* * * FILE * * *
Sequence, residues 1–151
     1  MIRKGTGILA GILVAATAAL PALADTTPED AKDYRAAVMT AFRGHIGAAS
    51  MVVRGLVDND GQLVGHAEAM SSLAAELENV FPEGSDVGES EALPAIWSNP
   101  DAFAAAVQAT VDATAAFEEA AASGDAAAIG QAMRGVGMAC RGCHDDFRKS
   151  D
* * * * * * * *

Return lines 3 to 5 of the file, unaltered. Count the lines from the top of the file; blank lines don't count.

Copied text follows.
    51  MVVRGLVDND GQLVGHAEAM SSLAAELENV FPEGSDVGES EALPAIWSNP
   101  DAFAAAVQAT VDATAAFEEA AASGDAAAIG QAMRGVGMAC RGCHDDFRKS
   151  D